Out-Law / Your Daily Need-To-Know

Coronavirus: GCC tax planning and mitigation

Out-Law Guide | 02 Apr 2020 | 2:10 pm | 5 min. read

Gulf Cooperation Council (GCC) states have introduced a number of tax reliefs to help businesses in the region manage the impact of the coronavirus outbreak on their finances and people.

Many businesses have already felt the impact of this crisis, operating with significantly reduced revenues and having made some difficult decisions in terms of staff dismissals and some location closures.

There are, and will continue to be, many difficult decisions for businesses to make in order to be able to manage the financial and commercial challenges they are facing. Some strategic and prompt tax planning and impact mitigation by tax managers and finance directors will also be a smart investment of time for a business in operational 'survival mode'.

State tax reliefs (all GCC)

It goes without saying that every business operating across the GCC should investigate the tax reliefs implemented within the countries relevant to their business, and should ensure to take the necessary steps if any are required in order to avail of these promptly. The situation should be monitored so that businesses can take advantage of any further reliefs that may be implemented in the coming weeks.

VAT refunds from tax authorities (UAE, KSA and Bahrain)

Many businesses across the GCC region have allowed VAT refunds to build up on their account with the tax authorities, on the basis that they could deduct these from future VAT liabilities and possibly to avoid the burden of potentially triggering a tax audit from the tax authorities.

The tax authorities across the region have continued to promote the claiming of tax refunds. For example, the KSA tax authority has advertised on its website that all VAT refunds should be paid within a 30 business day window. In addition, most government bodies across the region will be under more strict instructions to release payments to businesses as promptly as possible in order to relieve financial pressures caused by the pandemic.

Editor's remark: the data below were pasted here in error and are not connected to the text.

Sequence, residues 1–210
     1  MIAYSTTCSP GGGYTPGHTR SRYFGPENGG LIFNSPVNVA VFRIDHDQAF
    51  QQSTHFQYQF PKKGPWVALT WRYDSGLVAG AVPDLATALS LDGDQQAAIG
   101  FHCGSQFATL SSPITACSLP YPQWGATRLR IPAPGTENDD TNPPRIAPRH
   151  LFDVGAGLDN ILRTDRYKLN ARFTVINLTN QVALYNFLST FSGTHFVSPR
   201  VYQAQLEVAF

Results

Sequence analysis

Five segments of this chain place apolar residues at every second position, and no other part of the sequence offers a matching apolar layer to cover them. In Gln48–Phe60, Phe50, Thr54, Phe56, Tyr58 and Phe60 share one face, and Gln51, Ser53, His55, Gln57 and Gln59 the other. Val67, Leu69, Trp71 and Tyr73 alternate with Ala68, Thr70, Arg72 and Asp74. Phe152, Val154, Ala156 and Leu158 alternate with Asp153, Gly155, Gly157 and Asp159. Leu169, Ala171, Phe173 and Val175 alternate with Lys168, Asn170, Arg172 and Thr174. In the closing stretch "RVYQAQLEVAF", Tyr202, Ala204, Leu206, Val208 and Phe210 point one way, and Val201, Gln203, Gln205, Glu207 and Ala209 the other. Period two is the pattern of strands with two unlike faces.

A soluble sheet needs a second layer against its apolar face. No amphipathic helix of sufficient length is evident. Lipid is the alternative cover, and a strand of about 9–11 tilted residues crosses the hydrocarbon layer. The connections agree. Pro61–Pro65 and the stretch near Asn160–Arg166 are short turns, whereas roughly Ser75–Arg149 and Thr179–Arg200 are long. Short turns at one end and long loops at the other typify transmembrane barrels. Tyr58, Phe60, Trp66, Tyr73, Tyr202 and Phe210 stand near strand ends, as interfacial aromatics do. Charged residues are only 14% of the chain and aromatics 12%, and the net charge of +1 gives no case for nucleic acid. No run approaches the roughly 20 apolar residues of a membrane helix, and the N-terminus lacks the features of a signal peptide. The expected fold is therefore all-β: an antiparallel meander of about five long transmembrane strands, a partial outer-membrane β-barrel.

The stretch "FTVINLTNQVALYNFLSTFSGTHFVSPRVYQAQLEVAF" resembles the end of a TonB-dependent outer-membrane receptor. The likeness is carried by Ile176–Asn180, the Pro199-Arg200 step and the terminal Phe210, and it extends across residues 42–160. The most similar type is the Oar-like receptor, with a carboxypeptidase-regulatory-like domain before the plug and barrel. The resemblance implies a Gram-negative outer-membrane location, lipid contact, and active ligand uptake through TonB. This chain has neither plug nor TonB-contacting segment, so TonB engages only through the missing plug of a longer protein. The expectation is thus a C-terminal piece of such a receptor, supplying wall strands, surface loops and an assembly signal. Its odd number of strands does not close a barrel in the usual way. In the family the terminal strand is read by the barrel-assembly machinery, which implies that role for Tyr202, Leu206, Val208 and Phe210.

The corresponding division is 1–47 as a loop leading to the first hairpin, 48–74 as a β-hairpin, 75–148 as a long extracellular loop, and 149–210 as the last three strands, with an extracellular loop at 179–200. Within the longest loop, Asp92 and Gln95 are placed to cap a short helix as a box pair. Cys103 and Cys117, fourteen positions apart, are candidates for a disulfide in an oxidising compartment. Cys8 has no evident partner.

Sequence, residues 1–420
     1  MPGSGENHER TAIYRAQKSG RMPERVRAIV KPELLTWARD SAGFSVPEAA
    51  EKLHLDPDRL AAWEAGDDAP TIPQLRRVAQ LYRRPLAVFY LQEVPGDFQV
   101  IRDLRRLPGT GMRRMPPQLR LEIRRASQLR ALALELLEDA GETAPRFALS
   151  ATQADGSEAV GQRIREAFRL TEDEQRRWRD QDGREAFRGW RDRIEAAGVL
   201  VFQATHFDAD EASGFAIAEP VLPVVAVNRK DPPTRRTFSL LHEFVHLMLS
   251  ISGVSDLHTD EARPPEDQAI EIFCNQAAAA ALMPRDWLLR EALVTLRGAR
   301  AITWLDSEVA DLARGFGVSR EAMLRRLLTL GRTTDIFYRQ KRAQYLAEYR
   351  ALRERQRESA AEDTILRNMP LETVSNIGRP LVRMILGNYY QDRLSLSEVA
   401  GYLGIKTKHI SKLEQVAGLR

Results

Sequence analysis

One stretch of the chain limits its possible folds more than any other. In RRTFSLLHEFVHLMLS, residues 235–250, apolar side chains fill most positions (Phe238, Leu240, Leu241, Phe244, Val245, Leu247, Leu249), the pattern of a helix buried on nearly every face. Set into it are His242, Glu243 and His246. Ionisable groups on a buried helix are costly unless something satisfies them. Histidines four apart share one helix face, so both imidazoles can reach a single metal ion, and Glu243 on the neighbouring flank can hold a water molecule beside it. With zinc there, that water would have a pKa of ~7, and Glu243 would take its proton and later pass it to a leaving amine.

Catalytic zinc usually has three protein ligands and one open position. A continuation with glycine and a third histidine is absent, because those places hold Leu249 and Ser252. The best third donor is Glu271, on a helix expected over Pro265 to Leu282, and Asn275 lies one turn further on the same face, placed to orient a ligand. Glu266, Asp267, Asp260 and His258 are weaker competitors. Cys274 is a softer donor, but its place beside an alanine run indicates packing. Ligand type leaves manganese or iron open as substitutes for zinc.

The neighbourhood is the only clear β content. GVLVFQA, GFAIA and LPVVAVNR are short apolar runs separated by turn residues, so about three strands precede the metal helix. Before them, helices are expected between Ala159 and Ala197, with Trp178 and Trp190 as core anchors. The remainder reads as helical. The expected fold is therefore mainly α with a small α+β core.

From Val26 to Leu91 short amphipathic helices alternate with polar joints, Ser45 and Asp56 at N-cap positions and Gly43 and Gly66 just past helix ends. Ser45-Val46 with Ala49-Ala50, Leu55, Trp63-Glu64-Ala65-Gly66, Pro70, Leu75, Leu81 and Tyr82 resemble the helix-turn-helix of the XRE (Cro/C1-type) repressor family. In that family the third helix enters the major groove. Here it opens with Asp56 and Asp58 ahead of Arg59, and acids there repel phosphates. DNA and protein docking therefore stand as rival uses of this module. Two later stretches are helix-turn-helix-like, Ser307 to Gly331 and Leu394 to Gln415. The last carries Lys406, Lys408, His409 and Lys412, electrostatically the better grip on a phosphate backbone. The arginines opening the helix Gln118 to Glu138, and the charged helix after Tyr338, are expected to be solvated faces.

Although businesses should be prepared in the event of queries or an official audit being triggered, now may be as good a time as any to submit VAT refund requests to the relevant tax authorities in order to improve cash flow into the business.

VAT Bad Debt Relief (UAE and Bahrain)

VAT Bad Debt Relief is available where a business registered for VAT purposes in the GCC has charged VAT to a customer, reported such VAT on its periodic VAT returns and settled any outstanding liabilities, but remains unpaid in part or in full by the customer.

This relief allows the supplier to claim the amount of VAT associated with unpaid amounts from customers as a credit in the current period, in order to reduce its VAT liability for that period. If the customer subsequently pays, the supplier would again adjust its VAT liability to the authorities in its periodic VAT return in the period that the payment is received.

This relief is likely to become more relevant to businesses during the pandemic, as payments from customers may be delayed more than usual and the delays may continue into the coming weeks and months. If applicable, and claimed, Bad Debt Relief would free up cash flow within the business by reducing any VAT due in the current period.

Of course, in the event of non-payment to vendors, similar bad debt relief may be triggered requiring the business to adjust VAT previously deducted on purchases, increasing the current period VAT liability.

These positive and negative adjustments should be planned and managed in an effective way by the business for optimal cash flow.

This may also become relevant in the KSA after its three month period of the VAT return and liability deferment initiative.

VAT on commercial contracts (UAE, KSA and Bahrain)